“ Now tread we a measure !” said young LochinDame Heron rises with a smile

Upon the harp to play.
Fair was her rounded arm, as o'er

So stately his form, and so lovely his face,
The strings her fingers flew;

That never a hall such a galliard did grace ;
And as she touch'd, and tuned them all, While her mother did fret, and her father did fume,
Ever her boson's rise and fall

And the bride groom stood dangling his bonnet and Was plainer given to vicw;

plume; For all, for heat, was laid aside,

And the bride-maidens whisper'a, “ "Twere better Her wimple, and her hood untied. And first she pitch'd her voice to sing,

To have match'd our fair cousin with young Then glanced her dark eye on the king,

Lochinvar,” And then around the silent ring; And laugh'd, and blush'd, and oft did say, One touch to her hand, and one word in her ear, Her pretty oath, by yea and nay,

When they reach'd the hall door, and the charger She could not, would not, durst not play!

stood near; At length, upon the harp, with glee,

So light to the croup the fair lady he swung, Mingled with arch simplicity,

So light to the saddle before her he sprung! A sost, yet lively air she rung,

“She is won! we are gone, over bank, bush, and While thus the wily lady sung.

They'll have fleet steeds that follow," quoth young
XII.

Lochinvar.
LOCHINVAR.
LADY HERON'S SONG.

There was mounting 'mong Græmes of the Neth6, young Lochinvar is come out of the west,

erby clan; Through all the wide border his steed was the best; Forsters, Fenwicks, and Musgraves, they rode and And save his good broadsword he weapons had they ran : none,

There was racing and chasing, on Cannobie Lee, He rode all unarm’d, and he rode all alone. But the lost bride of Netherby ne'er did they seei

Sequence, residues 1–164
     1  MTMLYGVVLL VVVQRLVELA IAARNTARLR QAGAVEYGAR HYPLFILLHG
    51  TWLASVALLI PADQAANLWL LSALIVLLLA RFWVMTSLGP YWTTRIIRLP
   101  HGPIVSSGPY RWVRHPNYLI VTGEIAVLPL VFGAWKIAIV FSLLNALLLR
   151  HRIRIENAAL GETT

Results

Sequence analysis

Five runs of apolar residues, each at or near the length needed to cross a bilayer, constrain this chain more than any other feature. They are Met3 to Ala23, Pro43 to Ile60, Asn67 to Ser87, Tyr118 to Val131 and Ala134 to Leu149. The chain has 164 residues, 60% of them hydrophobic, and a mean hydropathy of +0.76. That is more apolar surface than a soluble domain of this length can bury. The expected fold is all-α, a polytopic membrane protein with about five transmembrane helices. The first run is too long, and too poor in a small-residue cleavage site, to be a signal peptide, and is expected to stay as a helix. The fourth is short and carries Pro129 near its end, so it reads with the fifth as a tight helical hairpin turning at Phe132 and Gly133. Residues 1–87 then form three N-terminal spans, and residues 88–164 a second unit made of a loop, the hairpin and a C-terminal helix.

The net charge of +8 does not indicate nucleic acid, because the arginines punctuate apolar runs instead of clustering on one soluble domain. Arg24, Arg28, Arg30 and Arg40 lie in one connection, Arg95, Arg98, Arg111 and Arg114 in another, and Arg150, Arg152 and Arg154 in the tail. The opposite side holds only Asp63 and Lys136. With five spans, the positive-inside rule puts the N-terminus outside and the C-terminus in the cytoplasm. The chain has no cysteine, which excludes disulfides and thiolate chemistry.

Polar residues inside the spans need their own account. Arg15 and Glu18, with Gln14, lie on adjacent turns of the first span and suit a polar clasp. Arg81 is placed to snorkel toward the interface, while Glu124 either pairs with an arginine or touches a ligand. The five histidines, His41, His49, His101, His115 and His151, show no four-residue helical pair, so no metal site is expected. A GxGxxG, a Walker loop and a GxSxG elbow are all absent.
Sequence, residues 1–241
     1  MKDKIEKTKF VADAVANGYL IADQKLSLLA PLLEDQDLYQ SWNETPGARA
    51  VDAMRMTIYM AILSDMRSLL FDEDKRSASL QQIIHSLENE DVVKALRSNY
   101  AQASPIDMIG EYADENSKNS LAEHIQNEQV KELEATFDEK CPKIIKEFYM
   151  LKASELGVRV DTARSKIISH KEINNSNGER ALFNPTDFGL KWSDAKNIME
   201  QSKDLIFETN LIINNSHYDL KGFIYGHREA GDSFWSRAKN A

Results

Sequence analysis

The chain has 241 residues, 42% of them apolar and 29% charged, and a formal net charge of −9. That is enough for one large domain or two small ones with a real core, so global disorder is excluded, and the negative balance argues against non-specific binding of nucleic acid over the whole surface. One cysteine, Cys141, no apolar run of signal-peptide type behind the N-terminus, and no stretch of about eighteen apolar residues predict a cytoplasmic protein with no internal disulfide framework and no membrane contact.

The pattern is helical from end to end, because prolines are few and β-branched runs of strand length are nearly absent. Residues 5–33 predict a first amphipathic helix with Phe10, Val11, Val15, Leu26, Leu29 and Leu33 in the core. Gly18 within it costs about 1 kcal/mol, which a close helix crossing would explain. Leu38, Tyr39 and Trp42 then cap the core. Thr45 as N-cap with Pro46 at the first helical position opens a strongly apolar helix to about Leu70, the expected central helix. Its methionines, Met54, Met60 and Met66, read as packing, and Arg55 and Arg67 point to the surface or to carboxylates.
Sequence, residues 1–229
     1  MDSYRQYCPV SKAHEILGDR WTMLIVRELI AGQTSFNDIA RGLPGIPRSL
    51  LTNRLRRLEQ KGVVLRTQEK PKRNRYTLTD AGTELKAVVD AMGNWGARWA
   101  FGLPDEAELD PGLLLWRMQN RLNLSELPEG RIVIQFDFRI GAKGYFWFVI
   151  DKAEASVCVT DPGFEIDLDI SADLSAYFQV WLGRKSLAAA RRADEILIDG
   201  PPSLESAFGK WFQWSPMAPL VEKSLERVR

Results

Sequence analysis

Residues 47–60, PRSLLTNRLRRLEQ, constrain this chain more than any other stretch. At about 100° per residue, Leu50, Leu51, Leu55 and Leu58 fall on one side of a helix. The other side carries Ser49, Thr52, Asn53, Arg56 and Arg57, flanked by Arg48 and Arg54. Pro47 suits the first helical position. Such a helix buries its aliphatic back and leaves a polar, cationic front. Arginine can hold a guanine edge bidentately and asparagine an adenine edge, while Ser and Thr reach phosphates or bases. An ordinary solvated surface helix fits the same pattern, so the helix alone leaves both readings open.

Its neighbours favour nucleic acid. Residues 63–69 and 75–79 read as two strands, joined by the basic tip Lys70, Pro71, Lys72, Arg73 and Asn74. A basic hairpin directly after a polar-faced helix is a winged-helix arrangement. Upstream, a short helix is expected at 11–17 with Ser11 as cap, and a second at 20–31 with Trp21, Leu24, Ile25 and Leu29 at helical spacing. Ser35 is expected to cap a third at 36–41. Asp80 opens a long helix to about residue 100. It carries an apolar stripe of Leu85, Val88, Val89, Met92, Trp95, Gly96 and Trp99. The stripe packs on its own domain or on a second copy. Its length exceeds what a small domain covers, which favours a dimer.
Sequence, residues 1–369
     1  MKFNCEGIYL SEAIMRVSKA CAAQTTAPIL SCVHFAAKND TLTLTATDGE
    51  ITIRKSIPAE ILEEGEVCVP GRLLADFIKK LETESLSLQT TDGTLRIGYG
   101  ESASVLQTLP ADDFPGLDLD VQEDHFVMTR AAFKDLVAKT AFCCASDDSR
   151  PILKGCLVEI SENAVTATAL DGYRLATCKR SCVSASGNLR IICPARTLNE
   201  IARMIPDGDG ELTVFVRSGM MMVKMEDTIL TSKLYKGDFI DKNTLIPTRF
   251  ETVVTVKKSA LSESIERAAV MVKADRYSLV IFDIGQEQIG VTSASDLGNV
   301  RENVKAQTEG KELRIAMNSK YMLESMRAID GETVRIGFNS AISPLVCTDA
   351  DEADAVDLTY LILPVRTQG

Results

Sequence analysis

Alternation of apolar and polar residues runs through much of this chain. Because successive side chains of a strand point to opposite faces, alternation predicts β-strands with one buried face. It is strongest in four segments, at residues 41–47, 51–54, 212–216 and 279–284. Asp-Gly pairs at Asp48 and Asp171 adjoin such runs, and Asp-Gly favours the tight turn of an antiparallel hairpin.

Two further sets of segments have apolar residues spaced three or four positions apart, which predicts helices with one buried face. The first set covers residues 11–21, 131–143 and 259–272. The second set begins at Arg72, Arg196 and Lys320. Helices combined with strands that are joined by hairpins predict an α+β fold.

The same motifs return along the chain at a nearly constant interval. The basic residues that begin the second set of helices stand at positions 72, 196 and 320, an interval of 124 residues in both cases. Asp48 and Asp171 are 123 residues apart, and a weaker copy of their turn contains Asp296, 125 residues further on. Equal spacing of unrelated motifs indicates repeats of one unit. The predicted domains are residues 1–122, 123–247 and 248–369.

var.

by far

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So daring in love, and so dauntless in war,
Have ye e'er heard of gallant like young Lochin-
var?

XIII.
The monarch o'er the syren hung,
And beat the measure as she sung;
And, pressing closer, and more near,
He whisper'd praises in her ear.
In loud applause, the courtiers vied;
And ladies wink'd, and spoke aside.
The witching dame to Marmion threw

A glance, where seem'd to reign
The pride that claims applauses due,
And of her royal conquest, too,

A real or feign'd disdain :
Familiar was the look, and told,

Marmion and she were friends of old.
The king observed their meeting eyes,
With something like displeased surprise ;
For monarchs ill can rivals brook,
E'en in a word, or smile, or look.
Straight took he forth the parchment broad,
Which Marmion's high commission show'd:

“Our borders sack'd by many a raid,
Our peaceful liegemen robb'd,” he said;
“ On day of truce our warden slain,

Stout Barton kill'd his vessels ta’en-
Unworthy were we here to reign,
Should these for vengeance cry in vain;
Our full defiance, hate, and scorn,
Our herald has to Henry borne.”

XIV.
He paused, and led where Douglas stood,
And with stern eye the pageant view's:

I mean that Douglas, sixth of yore,

Who coronet of Angus bore,
And, when his blood and heart were high,
Did the third James in camp defy,